Last week the Iranian president Hassan Rouhani said at the U.N. that ISIS wants the U.S. back in Iraq: They also have a single goal: the destruction of civilization, giving rise to Islamophobia and creating a fertile ground for further intervention of foreign forces in our region. Last night Chris Matthews said the same thing: Is
Category Archives: Middle East
The Israeli and Indian prime ministers went out of their way to have a meeting in NY yesterday, reflecting an Indian shift from support for Palestinian aspirations to support for Israel. The third side of the triangle is the U.S., which forgives Narendra Modi his part in a Muslim massacre and never had a problem with Netanyahu’s recent massacre in Gaza
In early September, I accompanied an Iraqi friend to the United Nations High Commissioner for Refugees office in Amman, Jordan to help register him officially as a refugee. There was a G4S logo on the gate attendant’s shirt. And G4S all over the compound. Why is the British company that serves Israeli prisons a UN contractor?
The deaths of hundreds of Palestinians in the sea fleeing Gaza ought to be acknowledged around the world as evidence that Israel’s occupation of Palestinian lands is not just “unsustainable” — Obama’s mantra — but “unconscionable.”
A “formidable machine” that works for Israel inside US politics keeps the U.S. from being an honest broker on the Palestinian issue; but that issue is a “very, very big” factor in the unrest in the Middle East, says Lakhdar Brahimi, lately the UN negotiator in the Syrian civil war.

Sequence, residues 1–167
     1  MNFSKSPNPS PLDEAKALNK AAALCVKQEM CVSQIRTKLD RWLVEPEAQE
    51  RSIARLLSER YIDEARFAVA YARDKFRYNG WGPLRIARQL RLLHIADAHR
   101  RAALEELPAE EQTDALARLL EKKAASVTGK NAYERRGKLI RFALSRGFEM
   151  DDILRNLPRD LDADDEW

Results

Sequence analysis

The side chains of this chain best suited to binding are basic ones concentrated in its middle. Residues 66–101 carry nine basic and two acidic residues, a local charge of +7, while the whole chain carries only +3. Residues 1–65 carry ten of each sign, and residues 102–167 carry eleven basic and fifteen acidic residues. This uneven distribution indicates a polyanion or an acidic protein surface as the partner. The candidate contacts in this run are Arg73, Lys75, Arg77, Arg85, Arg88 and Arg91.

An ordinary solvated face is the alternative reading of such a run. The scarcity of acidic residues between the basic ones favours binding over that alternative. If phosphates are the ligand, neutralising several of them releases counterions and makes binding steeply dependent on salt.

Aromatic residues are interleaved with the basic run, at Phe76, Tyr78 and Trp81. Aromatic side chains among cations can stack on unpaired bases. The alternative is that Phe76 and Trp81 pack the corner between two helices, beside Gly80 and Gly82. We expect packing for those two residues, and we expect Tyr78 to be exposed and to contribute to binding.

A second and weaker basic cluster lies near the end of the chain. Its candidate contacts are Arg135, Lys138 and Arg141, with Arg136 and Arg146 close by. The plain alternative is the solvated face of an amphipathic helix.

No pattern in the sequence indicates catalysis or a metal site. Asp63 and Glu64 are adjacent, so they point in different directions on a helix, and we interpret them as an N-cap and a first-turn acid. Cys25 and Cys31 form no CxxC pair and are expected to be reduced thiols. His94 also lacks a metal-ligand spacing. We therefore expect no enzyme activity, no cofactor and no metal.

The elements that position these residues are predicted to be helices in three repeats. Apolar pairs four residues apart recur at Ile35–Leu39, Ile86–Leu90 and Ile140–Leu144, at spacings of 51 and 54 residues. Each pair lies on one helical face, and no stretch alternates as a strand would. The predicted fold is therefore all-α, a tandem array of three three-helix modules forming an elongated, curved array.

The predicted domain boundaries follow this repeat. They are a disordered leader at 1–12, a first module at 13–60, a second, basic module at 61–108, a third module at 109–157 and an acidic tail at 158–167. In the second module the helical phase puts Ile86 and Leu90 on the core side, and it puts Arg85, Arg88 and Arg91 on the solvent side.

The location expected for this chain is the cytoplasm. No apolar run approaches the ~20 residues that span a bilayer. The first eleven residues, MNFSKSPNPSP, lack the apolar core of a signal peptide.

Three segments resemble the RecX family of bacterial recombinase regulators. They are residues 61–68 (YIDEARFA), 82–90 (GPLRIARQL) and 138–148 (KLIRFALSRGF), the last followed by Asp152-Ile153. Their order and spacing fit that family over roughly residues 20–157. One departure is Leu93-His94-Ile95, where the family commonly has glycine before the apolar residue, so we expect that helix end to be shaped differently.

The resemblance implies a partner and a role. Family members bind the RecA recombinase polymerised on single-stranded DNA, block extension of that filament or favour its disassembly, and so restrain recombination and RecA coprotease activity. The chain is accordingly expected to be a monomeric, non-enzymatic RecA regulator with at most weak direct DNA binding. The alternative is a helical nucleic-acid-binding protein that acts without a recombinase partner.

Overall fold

Israel’s calculation of “Liberalism for us, oppression for our enemies” mirrors Western attitudes. The Israel lobby is not needed to sway western governments to support the Jewish state, Maggie Sager argues at Mondo
The AP reports: Some half million Gaza children made a delayed return to school on Sunday after a devastating 50-day war with Israel that killed more than 2,100 Palestinians and damaged hundreds of school buildings
The other day the New York Times ran a rave review by Larry Rohter about a new documentary on a Palestinian collaborator and his Israeli handler. The story began in stirring terms: On newspaper front pages around the world late last month, a photograph from Gaza showed masked Hamas gunmen about to execute bound, kneeling prisoners suspected of
As we mark another anniversary of the attacks in 2001, it seems as if little has changed. We appear to be caught in a time loop where history keeps repeating itself again and again. If it was al Qaeda in 2001 that represented the pinnacle of all things evil that animated the US invasion of Afghanistan and later Iraq, today its al Qaeda’s evil twin Islamic State that is prompting air strikes in Iraq and upcoming airstrikes on Syria as well. Virtually absent in the media circus around ISIS is an honest discussion of how the US War on Terror, rather than halting the growth of violent Islamist groups, actually fosters fundamentalism